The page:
Most commercial lines insurance prices continued their downward trend in the first quarter, as underwriters’ efforts to hold the line on premiums buckled under the pressure of a highly overcapitalized market.
Three of the four lines of business tracked by the RIMS Benchmark Survey posted material decreases in average renewal premium, as reported by risk managers.
“Risk managers tell us that insurers are more willing to walk away from underpriced business, and the numbers from the past couple of quarters seemed to show resolve to not let premiums fall further,” said Dave Bradford, executive vice president of Advisen, which administers the survey. “But capacity, as measured by policyholders’ surplus, is at an all-time high in the U.S. property/casualty market. That puts a lot of pressure on premiums, and we saw them slip a bit in the quarter.”
Property insurance posted the largest decrease, falling 4.2 percent on average for policies renewing during the quarter. The average workers’ compensation premium fell 3.2 percent and the average directors and officers liability premium dropped 2.3 percent. General liability was the only line tracked by the survey to not record a material decrease, declining only 0.8 percent.
Catastrophes around the world in the first quarter of 2011, including the Queensland floods in Australia, the Christchurch earthquake in New Zealand and the Tohoku earthquake and tsunami in Japan, produced billions of dollars of losses to global insurers and reinsurers, but thus far have not had an impact on premiums in the U.S., according to Advisen.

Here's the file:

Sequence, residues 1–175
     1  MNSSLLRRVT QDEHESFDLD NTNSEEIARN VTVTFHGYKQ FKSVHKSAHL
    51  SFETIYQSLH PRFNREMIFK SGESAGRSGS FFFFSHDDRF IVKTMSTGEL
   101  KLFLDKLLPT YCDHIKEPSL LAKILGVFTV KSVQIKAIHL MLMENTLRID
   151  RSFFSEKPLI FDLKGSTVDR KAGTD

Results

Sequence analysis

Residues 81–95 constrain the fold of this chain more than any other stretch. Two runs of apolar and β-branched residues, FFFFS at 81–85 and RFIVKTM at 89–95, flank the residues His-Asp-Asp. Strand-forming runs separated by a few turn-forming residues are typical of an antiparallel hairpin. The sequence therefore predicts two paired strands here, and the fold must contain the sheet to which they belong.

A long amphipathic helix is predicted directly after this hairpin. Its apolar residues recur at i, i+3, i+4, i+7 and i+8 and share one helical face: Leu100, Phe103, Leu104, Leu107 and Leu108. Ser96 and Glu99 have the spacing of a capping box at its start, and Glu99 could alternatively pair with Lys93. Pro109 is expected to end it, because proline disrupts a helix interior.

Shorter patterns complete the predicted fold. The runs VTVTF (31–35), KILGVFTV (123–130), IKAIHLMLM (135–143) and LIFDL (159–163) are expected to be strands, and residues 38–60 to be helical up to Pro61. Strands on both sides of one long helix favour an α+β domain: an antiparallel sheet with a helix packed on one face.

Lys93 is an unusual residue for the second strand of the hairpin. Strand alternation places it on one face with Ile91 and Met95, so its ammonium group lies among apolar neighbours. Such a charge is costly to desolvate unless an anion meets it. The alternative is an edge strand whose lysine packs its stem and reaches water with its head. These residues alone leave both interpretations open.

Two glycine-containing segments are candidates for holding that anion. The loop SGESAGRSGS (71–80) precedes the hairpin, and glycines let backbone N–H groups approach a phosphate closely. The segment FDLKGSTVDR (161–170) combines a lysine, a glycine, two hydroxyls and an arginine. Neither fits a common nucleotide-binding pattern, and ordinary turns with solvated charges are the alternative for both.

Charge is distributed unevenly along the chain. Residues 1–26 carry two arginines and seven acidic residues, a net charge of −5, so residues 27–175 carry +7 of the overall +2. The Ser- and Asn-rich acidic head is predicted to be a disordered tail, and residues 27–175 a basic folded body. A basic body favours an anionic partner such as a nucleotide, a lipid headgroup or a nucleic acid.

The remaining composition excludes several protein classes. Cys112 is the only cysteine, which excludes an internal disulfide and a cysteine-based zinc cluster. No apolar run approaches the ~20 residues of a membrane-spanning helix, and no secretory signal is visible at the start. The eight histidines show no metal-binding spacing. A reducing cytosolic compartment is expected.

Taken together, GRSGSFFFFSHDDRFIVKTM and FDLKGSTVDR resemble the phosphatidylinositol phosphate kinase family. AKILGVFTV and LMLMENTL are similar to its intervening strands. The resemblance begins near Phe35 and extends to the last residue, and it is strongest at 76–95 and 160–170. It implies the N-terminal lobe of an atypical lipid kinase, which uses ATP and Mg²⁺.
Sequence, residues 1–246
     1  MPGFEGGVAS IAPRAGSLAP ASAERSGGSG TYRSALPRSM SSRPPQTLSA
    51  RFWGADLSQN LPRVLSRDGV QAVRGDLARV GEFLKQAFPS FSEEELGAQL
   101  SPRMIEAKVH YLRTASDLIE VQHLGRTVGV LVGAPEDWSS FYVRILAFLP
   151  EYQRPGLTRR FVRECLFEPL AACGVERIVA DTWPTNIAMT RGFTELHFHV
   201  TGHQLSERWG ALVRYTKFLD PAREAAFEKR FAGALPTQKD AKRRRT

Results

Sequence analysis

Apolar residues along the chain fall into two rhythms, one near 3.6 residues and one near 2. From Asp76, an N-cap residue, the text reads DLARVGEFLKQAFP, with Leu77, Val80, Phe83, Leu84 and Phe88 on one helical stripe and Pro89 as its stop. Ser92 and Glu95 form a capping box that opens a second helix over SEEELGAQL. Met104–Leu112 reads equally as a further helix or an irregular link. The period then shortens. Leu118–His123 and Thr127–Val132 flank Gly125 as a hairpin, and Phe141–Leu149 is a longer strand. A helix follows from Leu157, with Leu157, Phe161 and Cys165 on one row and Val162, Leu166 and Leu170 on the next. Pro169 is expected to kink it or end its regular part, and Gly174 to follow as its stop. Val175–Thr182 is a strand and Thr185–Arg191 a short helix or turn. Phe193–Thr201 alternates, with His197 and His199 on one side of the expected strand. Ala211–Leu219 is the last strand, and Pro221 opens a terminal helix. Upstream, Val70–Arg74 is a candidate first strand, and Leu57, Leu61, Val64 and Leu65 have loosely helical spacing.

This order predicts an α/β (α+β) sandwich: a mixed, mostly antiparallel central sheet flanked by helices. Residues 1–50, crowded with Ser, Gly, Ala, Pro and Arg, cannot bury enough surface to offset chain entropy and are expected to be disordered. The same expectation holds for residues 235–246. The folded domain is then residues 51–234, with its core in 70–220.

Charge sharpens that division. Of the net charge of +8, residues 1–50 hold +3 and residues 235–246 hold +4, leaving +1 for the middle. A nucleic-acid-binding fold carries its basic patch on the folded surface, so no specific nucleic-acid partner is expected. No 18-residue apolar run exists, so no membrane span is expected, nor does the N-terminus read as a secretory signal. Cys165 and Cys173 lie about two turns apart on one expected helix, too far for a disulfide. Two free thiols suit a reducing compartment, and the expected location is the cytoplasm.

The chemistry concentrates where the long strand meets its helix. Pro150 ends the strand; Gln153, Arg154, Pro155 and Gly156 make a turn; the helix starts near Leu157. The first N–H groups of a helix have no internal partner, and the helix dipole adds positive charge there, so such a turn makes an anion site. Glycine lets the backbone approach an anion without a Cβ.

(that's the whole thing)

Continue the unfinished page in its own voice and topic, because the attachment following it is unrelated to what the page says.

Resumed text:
Additional catastrophes, however, could exceed the tipping point, sparking higher premiums for property and, possibly, other lines of insurance.
“The earthquakes in New Zealand and Japan are reminders as to how vulnerable the U.S. is to devastating catastrophes,” said Frederick Savage, a member of the RIMS board of directors. “A big earthquake or hurricane could cause premiums across the board to change dramatically. It is still relatively early on in the year with the Gulf of Mexico hurricane season still to come but barring a large catastrophe, 2011 looks to be another year of competitive pricing. There certainly is no shortage of capacity in most lines.”
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